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Digital History in a Digital Age?

Kemp Family Symposium / Eisenberg Forum Featuring Edward Ayers and Micki Kaufman
Friday, December 16, 2016
9:30 AM-5:30 PM
1014 Tisch Hall Map
9:30 am Coffee

9:45 am Digital Scholarship Librarians
Justin Joque, Alix Keener, Alexa Pearce, Justin Schell

11:30 am Keynote: “‘Everything on Paper Will Be Used Against Me’: Quantifying Kissinger” (abstract below)
Micki Kaufman, Graduate Center, The City University of New York

1:00 pm Lunch

2:00 pm U-M Graduate Students on Digital History
Jacqueline Antonovich, Paula Curtis, Emily Merchant, Ana María Silva

3:45 pm Concluding Discussion
Micki Kaufman and others

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“Digital History in a Digital Age?” aims to introduce graduate students and faculty to some of the new digital techniques and methods for historical scholarship, centering on the analysis, presentation, and/or teaching of digital data (texts, images, quantitative information, etc.). We see this Kemp Family Symposium/Eisenberg Forum as an excellent venue for bringing some of the leading practitioners of digital history to the History Department and showing off, as well, some of the exciting work already being done at UM by graduate students, faculty, and library digital scholars. We hope that students and faculty will be encouraged to expand their conceptions of teaching and research and to employ some of these digital approaches to pursue fresh questions or old questions in new ways.

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“‘Everything on Paper Will Be Used Against Me’: Quantifying Kissinger”

Abstract: Intimately associated with a wide range of affairs of state during the 1970’s including the US invasion of Cambodia, withdrawal from Vietnam, "opening to China," détente with the Soviet Union and the Watergate Affair, the public persona of former National Security Advisor (1969-1975) and US Secretary of State (1973-1977) Henry A. Kissinger has consistently fascinated historians. Paradoxically cast through countless media appearances and interviews as an emotional champion of dispassionate "realpolitik," a stoic Cold Warrior or passionate "secret swinger," questions about Kissinger’s fascinating internal and public contradictions have been a significant focus of the study of "Kissingerology."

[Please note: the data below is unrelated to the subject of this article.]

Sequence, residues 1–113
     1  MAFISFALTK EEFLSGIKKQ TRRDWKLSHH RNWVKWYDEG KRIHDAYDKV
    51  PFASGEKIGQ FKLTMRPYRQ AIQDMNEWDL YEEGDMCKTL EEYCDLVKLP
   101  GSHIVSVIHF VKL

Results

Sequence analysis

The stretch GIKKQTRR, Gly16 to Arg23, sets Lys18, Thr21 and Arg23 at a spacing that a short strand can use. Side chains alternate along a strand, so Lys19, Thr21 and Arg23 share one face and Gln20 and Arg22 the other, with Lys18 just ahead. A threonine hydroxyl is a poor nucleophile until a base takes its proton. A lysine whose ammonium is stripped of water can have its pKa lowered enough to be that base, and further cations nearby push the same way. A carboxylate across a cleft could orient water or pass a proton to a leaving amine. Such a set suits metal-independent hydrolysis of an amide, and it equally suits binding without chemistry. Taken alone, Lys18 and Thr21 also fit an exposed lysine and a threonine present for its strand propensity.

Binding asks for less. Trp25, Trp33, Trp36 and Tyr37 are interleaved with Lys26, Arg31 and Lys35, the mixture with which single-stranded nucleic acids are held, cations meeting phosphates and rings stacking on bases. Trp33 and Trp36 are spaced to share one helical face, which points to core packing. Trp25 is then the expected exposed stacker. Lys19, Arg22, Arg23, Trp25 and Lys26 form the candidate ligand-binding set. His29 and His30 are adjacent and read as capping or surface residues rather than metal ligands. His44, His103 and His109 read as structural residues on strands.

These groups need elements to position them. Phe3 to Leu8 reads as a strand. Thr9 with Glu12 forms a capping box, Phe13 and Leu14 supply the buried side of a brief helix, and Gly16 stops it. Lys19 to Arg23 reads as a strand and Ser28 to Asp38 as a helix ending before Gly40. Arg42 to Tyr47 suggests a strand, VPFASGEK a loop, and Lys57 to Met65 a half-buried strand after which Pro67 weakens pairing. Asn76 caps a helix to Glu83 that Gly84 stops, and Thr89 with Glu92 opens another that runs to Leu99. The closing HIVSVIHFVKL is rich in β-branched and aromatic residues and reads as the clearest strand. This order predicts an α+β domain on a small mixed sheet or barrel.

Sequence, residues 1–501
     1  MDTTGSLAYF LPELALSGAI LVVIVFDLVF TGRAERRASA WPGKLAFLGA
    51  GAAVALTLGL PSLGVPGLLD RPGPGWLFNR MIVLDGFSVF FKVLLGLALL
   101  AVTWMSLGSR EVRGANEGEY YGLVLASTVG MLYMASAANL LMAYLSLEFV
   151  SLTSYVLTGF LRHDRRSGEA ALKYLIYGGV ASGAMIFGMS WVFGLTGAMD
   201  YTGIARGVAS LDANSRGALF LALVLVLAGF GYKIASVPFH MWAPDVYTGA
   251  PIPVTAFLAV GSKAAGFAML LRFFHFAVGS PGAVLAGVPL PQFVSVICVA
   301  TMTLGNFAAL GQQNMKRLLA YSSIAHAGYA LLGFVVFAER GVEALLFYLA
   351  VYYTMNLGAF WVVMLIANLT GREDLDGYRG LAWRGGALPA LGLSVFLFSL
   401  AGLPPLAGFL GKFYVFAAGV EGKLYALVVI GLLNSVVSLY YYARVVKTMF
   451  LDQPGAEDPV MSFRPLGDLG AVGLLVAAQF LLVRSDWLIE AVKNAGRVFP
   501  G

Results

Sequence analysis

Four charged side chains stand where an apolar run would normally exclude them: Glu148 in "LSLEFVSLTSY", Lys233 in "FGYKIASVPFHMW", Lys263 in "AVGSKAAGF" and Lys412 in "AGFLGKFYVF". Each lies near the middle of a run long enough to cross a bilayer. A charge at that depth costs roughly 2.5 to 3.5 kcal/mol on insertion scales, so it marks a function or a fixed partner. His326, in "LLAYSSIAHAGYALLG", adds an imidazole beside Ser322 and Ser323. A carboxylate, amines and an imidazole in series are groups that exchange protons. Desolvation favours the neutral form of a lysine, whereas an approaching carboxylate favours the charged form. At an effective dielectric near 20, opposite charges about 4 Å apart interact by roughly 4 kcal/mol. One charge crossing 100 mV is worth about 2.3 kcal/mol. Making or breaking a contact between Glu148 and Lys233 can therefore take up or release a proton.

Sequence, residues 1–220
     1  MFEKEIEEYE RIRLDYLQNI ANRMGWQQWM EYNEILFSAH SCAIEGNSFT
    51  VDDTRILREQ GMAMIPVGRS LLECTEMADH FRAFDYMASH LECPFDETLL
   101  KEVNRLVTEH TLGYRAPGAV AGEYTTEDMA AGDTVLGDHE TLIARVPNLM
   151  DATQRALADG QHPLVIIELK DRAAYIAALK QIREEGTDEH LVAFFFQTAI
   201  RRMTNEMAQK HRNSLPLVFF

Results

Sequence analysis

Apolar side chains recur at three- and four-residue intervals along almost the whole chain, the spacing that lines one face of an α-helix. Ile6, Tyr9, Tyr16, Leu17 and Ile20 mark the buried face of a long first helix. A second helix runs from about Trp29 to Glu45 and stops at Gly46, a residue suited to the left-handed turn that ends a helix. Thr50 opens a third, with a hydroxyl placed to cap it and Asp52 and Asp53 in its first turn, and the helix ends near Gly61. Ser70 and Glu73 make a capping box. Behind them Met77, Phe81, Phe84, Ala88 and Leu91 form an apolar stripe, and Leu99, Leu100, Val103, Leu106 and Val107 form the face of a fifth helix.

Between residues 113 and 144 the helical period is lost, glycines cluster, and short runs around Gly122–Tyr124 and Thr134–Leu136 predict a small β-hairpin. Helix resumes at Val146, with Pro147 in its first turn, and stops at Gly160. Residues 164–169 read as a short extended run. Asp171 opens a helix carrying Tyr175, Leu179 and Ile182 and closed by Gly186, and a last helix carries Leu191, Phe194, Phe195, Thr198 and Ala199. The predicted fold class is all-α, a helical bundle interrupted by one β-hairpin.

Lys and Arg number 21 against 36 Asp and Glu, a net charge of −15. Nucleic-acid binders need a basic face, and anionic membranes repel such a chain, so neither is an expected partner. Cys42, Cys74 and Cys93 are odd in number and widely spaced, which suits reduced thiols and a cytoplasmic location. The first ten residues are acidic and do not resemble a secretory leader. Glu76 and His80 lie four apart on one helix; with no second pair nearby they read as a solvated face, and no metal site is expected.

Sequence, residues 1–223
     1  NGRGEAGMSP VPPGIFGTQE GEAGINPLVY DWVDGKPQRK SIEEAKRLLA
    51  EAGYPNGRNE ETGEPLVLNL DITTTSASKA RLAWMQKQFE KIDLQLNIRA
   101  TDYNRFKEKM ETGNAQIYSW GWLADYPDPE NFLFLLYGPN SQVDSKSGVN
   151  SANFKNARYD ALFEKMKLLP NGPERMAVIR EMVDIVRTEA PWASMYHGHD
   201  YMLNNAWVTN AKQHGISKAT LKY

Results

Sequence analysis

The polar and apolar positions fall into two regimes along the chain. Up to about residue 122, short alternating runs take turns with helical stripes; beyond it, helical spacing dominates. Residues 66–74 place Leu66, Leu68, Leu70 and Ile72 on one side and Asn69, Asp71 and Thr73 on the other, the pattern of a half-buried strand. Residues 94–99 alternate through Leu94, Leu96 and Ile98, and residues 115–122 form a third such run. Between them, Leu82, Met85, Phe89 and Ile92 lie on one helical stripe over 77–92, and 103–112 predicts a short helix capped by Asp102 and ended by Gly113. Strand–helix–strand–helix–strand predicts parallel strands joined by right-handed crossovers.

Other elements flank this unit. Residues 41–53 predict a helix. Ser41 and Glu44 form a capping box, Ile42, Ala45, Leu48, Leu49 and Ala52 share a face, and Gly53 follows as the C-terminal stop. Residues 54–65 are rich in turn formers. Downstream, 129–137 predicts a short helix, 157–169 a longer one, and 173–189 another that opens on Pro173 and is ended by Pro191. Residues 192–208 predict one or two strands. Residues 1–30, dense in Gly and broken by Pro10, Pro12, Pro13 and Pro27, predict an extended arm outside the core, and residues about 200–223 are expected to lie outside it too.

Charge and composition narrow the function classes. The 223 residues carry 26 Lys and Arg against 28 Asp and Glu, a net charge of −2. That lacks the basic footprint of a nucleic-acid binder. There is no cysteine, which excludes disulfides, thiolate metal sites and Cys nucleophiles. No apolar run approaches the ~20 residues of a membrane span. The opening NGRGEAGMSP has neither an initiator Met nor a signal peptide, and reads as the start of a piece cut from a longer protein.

Trying to understand what at first glance can appear to be apparently incompatible motives and behavior, historians soon encounter a second problem – one of scale. A classic "big data" catch-22, the extensive and vast array of documents, diplomatic cables, transcripts and other correspondence available for study greatly complicates the task of historically situating and interpreting Kissinger. This deluge of information is an increasingly common frustration for historians of the twentieth century, and as larger and larger archives of human cultural output are accumulated scholars are beginning to adapt, develop and employ tools, methods and interpretive frameworks from fields like computational linguistics, visual design and textual studies, that can overcome ‘information overload’ and facilitate new historical interpretations of "big data" archival collections.

As detailed on the project's web site ( http://www.quantifyingkissinger.com ) "Quantifying Kissinger" is a digital history examination of the National Security Archive's Kissinger Correspondence Collection, comprising approximately 18,600 meeting memoranda ("memcons") and teleconference transcripts ("telcons") from former US National Security Advisor and Secretary of State Dr. Henry Kissinger from 1969 to­ 1977. The project's application of computational analysis and visualization techniques to the study of twentieth-­century diplomatic history has generated useful finding aids for researchers, provided essential testing grounds for new historical methodologies, and prompted new interpretations and questions about the Nixon/Kissinger era.

Keynote speaker Micki Kaufman is currently pursuing a PhD in history from the City University of New York Graduate Center and exploring digital humanities research across a number of research subjects and methodologies. Kaufman’s prizes and awards include the 2015 Paul Fortier Prize for New and Young Scholars; and the 2015 Lisa Lena Opas-Hänninen Prize for New and Young Scholars.

Kaufman is best known for her extraordinary digital project: “‘Everything on Paper Will Be Used Against Me’: Quantifying Kissinger,” which is a computational analysis of the Digital National Security Archive’s Kissinger Collection. Kaufman’s project was to engage in an application of “big data” computational text analysis techniques to research the collection: the project is, what Kaufman calls, a first effort at “Diplonomics.”

Presented with support from the Kemp Family Foundation, Rackham Mellon Initiative on the Humanities Doctorate in the Twenty-First Century, and Rackham Dean’s Strategic Initiatives Fund.

Image: Carsten Ullrich, “Difference Engine Number 2,” (CC BY-SA 2.0).
Building: Tisch Hall
Event Type: Conference / Symposium
Tags: Graduate, History, Information and Technology, Research, Scholarship, Undergraduate
Source: Happening @ Michigan from Department of History, Eisenberg Institute for Historical Studies